Author:
• Friday, March 20th, 2009

I enjoy watching the Science Channel television program “How It’s Made”. There is amazing ingenuity and capital investment involved in producing almost all of the human-made things around us. Most of the items the show demonstrates could not be produced at all without sophisticated machinery, and certainly not cheaply enough for practical mass consumption. This is the means by which we get our stuff in today’s world and we can be grateful for what we have earned with technology.

As I sit watching robotic arms assembling a construction vehicle, I wonder where we small scale woodworkers and our products fit into this world. Is our work a quaintness for a few owners to appreciate only in passing, without the consequence of “necessities”? Do we use our method of production, a small shop using small machinery and hand tools, only because there is maybe so little demand for our products, or perhaps because we have not bothered to find a more efficient way to produce? In short, does our work matter, and why?

Yes it matters, because our work is personal, in vision and execution. Our small shop methods are vital because they allow personalization in design, workmanship, and detailing. A craftsman’s work is his song, that he sings, and people appreciate and value it as that.

A modern person is likely to own only a few things of which he knows who is the designer-maker, the person, not just a label or a company. That personal identification and connection make these among the most cherished possessions. That chair, for example, is not any chair, however elegant, it’s a Maloof chair. The table that you, my fellow woodworker, made for yourself or a client will forever be your table, linked to you, with your name on it. A client owner knows exactly from whence it came, perhaps even playing a role in its design, and values this distinction.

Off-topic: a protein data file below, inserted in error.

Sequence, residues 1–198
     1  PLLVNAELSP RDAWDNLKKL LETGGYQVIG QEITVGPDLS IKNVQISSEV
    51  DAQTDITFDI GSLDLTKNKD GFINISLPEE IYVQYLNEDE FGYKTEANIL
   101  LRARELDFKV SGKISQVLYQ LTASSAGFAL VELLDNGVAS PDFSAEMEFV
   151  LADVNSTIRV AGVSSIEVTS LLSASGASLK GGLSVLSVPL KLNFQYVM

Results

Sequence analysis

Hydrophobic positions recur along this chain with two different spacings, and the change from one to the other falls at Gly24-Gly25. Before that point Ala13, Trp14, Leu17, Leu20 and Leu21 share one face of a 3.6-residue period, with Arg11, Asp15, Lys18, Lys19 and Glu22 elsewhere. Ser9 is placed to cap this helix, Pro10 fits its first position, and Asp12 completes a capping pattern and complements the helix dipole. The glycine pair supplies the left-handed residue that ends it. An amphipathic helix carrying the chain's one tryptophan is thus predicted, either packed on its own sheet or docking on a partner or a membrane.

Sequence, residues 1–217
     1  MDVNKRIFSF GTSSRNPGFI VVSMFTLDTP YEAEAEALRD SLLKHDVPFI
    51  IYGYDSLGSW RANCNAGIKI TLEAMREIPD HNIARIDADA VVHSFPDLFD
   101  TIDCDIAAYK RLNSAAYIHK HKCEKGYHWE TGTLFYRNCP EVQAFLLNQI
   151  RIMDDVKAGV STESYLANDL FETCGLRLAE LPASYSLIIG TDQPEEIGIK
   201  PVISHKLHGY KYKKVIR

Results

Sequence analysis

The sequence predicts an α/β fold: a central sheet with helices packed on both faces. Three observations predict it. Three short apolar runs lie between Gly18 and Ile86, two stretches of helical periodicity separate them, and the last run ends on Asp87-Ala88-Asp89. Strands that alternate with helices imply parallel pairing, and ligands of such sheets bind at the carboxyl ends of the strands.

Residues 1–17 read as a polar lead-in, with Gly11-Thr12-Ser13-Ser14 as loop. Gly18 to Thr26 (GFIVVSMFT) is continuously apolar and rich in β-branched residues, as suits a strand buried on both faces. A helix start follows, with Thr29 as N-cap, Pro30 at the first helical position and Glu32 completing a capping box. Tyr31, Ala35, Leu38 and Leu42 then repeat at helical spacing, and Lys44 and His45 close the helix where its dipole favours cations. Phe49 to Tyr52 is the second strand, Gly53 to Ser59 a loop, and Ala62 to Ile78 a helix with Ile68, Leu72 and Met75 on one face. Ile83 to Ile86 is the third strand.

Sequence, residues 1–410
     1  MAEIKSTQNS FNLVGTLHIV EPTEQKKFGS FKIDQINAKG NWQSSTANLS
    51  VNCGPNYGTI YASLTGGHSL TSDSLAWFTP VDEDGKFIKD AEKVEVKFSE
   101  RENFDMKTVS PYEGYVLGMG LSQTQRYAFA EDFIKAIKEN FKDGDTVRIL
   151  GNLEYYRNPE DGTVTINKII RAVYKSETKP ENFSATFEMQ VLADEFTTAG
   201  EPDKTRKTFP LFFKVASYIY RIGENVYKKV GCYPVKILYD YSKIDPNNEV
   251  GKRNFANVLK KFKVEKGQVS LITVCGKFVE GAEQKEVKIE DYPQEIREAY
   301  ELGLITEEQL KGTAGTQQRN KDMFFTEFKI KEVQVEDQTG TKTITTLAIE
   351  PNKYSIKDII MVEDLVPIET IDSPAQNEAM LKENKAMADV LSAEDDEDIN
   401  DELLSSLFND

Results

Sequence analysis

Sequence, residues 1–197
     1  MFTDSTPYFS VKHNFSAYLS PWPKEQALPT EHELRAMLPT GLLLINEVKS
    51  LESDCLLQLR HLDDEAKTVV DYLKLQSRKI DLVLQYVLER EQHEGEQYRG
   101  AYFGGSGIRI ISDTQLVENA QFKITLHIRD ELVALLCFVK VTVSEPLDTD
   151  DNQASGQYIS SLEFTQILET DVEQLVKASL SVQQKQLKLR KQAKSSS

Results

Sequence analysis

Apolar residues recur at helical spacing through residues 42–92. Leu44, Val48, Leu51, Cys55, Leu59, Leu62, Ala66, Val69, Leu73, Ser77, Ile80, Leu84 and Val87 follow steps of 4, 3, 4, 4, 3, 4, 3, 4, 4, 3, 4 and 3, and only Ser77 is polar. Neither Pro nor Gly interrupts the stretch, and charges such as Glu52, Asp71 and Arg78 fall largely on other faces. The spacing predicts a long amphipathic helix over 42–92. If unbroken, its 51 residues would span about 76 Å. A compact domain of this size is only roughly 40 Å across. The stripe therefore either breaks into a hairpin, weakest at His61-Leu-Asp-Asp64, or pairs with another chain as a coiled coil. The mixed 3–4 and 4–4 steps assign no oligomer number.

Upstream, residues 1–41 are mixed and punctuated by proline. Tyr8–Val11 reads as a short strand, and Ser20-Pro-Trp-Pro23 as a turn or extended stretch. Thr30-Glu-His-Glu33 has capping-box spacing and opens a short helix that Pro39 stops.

That is what we small shop craftsmen have to put forth and, I believe, will never become obsolete. On the contrary, this offering will be increasingly valued in a world filled with growing numbers of nameless technological wonders. Personal woodworking – it matters.

Category: Ideas
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4 Responses

  1. 1
    Sean 

    Amen.

  2. 2
    Rob 

    Thanks Sean.

  3. 3
    Adam King 

    Rob,

    I appreciate your angle of this article. Addressing the question of whether our work matters or not is very relevant. Most woodworkers wonder this often. I know I have early on.

    Thanks for taking the time to show us that our work maters and does indeed fulfill a purpose.

  4. 4
    Rob 

    Adam,

    Thanks much for the comment.

    Heartwood readers, please click on Adam’s name, above, to reach his site which has outstandingly thoughtful commentary on the value of our craft.

    Rob